Facebook said Thursday it had fixed the technical issue that led to a widespread outage across its services for almost 24 hours on Wednesday.
The company blamed a change it had made to its system for the outage. Facebook said the issue had been resolved and that it's systems were recovering.
"Yesterday, we made a server configuration change that triggered a cascading series of issues. As a result, many people had difficulty accessing our apps and services," a Facebook spokesperson said Thursday.
A Facebook spokesperson told CNN Business that despite some online rumors, the issue was not caused by a hack or an attack, adding that the company was focused on resolving the issue and hoped to eventually share details about what caused the problem.
The interruption, which also extended to Facebook-owned services like Instagram, Messenger and WhatsApp, is believed to be the biggest ever suffered by the social media giant.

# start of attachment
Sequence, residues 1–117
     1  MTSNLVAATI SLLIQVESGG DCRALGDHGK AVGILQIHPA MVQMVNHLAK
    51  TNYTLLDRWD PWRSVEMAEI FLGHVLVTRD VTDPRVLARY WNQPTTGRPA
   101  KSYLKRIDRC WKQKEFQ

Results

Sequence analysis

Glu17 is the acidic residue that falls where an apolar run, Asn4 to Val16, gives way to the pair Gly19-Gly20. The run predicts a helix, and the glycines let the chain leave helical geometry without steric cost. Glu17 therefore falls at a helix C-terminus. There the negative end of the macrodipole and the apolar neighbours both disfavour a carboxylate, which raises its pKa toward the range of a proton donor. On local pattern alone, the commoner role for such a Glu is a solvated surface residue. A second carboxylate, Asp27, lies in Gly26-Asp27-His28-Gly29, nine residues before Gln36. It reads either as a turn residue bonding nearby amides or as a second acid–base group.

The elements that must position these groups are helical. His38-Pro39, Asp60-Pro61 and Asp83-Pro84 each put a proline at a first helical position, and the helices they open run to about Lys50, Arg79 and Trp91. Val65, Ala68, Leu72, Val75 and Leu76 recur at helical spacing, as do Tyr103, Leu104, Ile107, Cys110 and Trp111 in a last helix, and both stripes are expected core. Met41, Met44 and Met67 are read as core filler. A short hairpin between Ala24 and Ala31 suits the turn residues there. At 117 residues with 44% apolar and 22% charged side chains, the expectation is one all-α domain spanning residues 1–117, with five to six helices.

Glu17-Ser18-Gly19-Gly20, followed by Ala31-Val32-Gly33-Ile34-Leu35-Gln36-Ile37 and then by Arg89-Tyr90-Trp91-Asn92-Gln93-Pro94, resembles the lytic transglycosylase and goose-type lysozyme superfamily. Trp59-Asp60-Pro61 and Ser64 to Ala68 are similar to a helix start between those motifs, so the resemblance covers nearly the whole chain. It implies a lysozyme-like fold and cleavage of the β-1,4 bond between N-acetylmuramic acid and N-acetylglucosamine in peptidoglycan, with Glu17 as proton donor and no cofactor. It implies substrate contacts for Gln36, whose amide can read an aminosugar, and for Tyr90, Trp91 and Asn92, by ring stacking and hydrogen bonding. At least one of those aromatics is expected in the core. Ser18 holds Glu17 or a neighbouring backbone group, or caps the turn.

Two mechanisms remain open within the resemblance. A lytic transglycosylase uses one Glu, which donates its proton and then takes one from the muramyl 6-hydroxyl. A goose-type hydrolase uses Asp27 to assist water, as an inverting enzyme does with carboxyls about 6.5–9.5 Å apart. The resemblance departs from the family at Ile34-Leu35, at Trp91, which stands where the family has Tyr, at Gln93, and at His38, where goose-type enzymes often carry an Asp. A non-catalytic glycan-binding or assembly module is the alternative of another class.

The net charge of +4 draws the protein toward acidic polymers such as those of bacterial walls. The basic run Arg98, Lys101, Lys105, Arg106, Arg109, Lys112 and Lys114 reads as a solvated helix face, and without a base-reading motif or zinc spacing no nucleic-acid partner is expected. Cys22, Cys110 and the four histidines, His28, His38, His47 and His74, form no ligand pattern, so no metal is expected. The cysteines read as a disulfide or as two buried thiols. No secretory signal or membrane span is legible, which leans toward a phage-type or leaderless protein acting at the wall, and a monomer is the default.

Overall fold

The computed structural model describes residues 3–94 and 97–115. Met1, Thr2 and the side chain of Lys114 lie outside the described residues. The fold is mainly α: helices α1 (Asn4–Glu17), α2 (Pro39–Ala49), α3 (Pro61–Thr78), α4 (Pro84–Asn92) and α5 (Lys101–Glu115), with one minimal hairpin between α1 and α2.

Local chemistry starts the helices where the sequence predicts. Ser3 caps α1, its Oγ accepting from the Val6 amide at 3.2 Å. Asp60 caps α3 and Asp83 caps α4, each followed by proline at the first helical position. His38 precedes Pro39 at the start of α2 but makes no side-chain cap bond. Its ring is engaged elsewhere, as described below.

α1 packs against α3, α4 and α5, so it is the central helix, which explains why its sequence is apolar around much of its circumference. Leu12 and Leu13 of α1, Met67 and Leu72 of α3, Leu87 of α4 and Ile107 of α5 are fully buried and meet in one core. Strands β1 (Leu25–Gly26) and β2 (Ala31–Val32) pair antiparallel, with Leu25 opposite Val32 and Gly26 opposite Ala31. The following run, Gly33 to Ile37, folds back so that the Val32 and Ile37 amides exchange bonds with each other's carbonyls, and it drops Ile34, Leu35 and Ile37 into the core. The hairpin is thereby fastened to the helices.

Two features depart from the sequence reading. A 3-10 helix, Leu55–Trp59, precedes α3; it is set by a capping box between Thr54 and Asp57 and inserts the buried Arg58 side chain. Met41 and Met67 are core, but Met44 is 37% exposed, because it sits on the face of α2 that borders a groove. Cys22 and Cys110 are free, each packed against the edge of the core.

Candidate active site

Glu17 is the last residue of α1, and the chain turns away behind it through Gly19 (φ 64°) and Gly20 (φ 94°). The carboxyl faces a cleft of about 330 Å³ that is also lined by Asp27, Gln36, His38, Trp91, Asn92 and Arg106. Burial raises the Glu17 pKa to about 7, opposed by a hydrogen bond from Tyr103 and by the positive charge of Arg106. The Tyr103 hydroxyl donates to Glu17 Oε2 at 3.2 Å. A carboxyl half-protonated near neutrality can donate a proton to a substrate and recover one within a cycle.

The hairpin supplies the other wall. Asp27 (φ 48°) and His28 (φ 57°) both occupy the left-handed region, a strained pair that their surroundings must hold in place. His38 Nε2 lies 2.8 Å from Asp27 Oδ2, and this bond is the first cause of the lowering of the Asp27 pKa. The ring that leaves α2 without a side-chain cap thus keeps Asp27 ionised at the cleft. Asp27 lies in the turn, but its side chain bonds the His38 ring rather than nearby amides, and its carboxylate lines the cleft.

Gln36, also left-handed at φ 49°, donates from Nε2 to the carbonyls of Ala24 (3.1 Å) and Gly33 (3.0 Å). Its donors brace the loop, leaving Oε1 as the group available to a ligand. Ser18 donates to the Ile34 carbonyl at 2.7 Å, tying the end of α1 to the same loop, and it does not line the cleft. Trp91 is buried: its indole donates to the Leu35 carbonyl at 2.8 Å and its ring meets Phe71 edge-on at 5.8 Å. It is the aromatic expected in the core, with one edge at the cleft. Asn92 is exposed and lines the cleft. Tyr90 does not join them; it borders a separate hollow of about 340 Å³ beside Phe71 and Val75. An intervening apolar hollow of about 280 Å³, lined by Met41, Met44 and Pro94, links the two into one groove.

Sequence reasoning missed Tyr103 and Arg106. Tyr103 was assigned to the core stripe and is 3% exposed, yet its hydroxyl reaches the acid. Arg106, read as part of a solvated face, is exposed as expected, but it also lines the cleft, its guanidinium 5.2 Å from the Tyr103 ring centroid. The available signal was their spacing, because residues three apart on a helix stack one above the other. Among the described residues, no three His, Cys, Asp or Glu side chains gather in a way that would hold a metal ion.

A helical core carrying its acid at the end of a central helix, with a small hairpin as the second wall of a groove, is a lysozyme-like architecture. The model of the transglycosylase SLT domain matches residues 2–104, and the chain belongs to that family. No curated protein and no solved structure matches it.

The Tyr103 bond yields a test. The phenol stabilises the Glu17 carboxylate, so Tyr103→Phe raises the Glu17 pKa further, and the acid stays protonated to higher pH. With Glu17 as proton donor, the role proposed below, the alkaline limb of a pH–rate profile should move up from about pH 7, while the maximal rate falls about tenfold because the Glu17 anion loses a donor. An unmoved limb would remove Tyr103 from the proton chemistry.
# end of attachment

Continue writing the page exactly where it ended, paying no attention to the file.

Earlier on Thursday, the outage-tracking service DownDetector showed significantly fewer people having issues accessing Facebook and Instagram compared to Wednesday, when the outage began .
Facebook's stock fell nearly 3% in early morning trading on Thursday as Wall Street reacted to the outage.
In Washington, campaigners who have long called for the break-up of Facebook said the outage showed how the concentration of ownership of tech platforms is "dangerous" for consumers.
Pointing out that the Facebook outage also extended to its other properties, including Instagram and WhatsApp, Sarah Miller, the deputy director at the Open Markets Institute, which is for the break-up of Facebook and other Silicon Valley companies, said, "The more
integrated a platform
becomes, the greater the risk and reach of epic failures like this one."